Artistic freedom seems to be at the forefront of nearly every news outlet lately.  The culmination came in the form of the spectacular reactions to a chincy, '404' movie, followed straight thereafter by a popular French magazine's cartoon reaction to the 'movie-reaction, while in the background, intellectuals debate freedom of speech and of thought on the canvas put forward by a radical rightist writer who takes some pride in being forced to leave his job as an editor and has public orgasms about being uniquely hated.

Had all these events not cost the life of innocents, they might have been risible.  Sadly, they did kill, and are likely to continue killing in the near future, in a changing world unable to adapt to the growing interaction of its inhabitants where fear has taken the lead and actions have been usurped by reactions. Had all these events not had such tragic outcomes, one would not have had to stop and ponder for if but a moment, at the following questions:

Did Millet really enjoy the "literary aspects of Breivik? Isn't it a bit like writing a "literary Praise" of Mein Kampf? Can one forget the content of a literary work at the profit of its literary value and qualities?  Can, or should the two be dissociated?

What is the responsibility of the publisher?

The various artistic mediums, be they literary, 7th art, cartoons or ad companies all beg the same questions: what is art? What is freedom? How far can an artist go to expose his view of the world? Who is responsible when reactions get out of hand? Who ought to be crucified, the writer, who jots down his personal thoughts on a piece of paper, or the publisher who accepts to print and publicize it?  The "film-maker" who manages to frame 3rd rate actors or the TV channel and extremists groups who make the porn-like klutz available and viewable to thousands and thousands?  Who is responsible? What is worse, having a viewpoint or being the vehicle that spreads the viewpoint?

Because some of these works have had tragic outcomes, it is primordial that we, the public, the end recipient, and the ones who will act or react ponder these questions with as much independent thought and vision, as possible, if we want to avoid becoming victims ourselves.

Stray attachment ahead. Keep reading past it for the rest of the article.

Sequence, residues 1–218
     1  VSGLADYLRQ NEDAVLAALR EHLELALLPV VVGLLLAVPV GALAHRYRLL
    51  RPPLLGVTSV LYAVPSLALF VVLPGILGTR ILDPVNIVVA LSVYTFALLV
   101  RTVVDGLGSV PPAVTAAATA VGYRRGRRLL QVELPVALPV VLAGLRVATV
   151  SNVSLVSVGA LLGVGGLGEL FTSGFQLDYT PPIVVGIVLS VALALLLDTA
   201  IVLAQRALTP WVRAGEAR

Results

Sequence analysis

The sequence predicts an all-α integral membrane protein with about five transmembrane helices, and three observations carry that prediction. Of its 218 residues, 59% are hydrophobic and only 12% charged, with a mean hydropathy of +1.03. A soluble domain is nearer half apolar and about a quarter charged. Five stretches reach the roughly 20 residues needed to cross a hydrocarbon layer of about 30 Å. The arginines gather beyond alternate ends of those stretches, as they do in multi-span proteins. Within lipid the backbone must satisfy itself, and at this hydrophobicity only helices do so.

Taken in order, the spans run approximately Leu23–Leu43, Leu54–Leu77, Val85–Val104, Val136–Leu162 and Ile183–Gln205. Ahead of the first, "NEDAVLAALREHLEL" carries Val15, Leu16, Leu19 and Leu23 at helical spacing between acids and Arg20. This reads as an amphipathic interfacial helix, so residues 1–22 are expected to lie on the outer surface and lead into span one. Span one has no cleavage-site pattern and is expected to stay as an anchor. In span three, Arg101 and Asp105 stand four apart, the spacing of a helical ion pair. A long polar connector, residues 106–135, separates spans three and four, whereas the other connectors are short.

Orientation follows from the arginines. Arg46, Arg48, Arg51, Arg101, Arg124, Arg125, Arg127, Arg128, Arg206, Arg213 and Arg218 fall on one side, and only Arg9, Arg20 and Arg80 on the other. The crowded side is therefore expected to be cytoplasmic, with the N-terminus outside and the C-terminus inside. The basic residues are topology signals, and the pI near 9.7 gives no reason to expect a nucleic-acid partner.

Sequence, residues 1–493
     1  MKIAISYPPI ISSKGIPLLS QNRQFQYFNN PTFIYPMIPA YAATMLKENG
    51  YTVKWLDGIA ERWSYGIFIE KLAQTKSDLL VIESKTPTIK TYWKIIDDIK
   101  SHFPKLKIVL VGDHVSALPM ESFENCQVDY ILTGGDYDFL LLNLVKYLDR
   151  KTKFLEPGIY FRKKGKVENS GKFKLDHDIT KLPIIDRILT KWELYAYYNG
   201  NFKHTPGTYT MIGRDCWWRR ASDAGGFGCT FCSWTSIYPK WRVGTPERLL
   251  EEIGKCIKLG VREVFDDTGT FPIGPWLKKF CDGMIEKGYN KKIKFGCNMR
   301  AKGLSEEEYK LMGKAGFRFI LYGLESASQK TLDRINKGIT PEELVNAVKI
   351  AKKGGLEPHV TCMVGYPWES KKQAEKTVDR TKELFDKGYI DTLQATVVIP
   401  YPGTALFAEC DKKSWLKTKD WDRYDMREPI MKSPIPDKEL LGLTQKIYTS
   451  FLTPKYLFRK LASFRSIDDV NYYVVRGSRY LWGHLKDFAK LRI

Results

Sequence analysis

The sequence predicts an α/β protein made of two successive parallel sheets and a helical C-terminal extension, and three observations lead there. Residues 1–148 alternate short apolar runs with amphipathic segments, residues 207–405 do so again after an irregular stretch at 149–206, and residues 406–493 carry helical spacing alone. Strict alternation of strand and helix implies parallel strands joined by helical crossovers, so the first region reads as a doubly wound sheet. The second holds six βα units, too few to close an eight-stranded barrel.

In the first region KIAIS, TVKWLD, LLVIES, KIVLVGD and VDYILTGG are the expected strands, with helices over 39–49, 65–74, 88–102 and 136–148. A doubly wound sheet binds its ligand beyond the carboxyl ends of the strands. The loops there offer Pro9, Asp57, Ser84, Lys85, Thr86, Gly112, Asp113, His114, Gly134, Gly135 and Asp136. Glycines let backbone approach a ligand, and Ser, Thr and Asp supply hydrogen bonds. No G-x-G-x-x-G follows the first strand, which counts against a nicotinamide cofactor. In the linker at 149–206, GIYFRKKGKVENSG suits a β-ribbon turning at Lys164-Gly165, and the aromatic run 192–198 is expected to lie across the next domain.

While some willingly feed from a very few individuals' points of view, most of us are fed with them till we overdose on them, which in  an era where information is so readily available and varied is completely absurd.

Of all those who have crucified Millet over his pamphlet, very few have actually taken the pain of reading it. How many of the protesters in Jakarta, Athens, Cairo, Benghazi and elsewhere have seen the trailer?

We are told that it is all about the sacred freedom of speech our forefathers, in some case, our neighbours, ourselves in other cases fought/ are still fighting for. 
Should an author be martyred because his ideas do not please others? Should not those "others" reply in kind with wit and intelligence, should those "others" not debunk the martyred author's thesis with a clear and simple demonstration of how and why is thesis is laughable, instead of pressing him to quit his job while at the same time inviting him to every TV show and printing an endless number of interview pages?
Should the public not start acting as responsible adults if it believes it has the merits of being treated as adults?  Should the public not stop acting like a herd of sheep that will follow and act upon what any self-called illuminatus utters?

Evil is not created by authors and movie-makers. Evil is, and has always been a source of fascination to human kind. The search for the origins of evil, and the debates on whether evil is inherent or not, have been going on for ever. Literary works, but also paintings, sculptures, movies, are filled with evil. Mostly in order to better understand its sources, sometimes to exorcize a pain. 

The public needs to start better educate itself instead of blowing the 'extremists', 'Islamists' 'rightist' 'leftists' whistle every time some  cretin decides to vomit hate on a piece of paper or on a camera roll.  There will always be someone who will use any means they have at their disposal to spread hatred, bigotry and racism.  It is up to the public to stand up and stop behaving like sheep.  One has so many possibilities to inform oneself nowadays.

Shame lies not in the one or two individuals who write fanatical, radical, extremist texts, but in the masses that follow blindly because they choose to remain ignorant and venerate dogmatists filled with nothing but fear, hate and self-pity.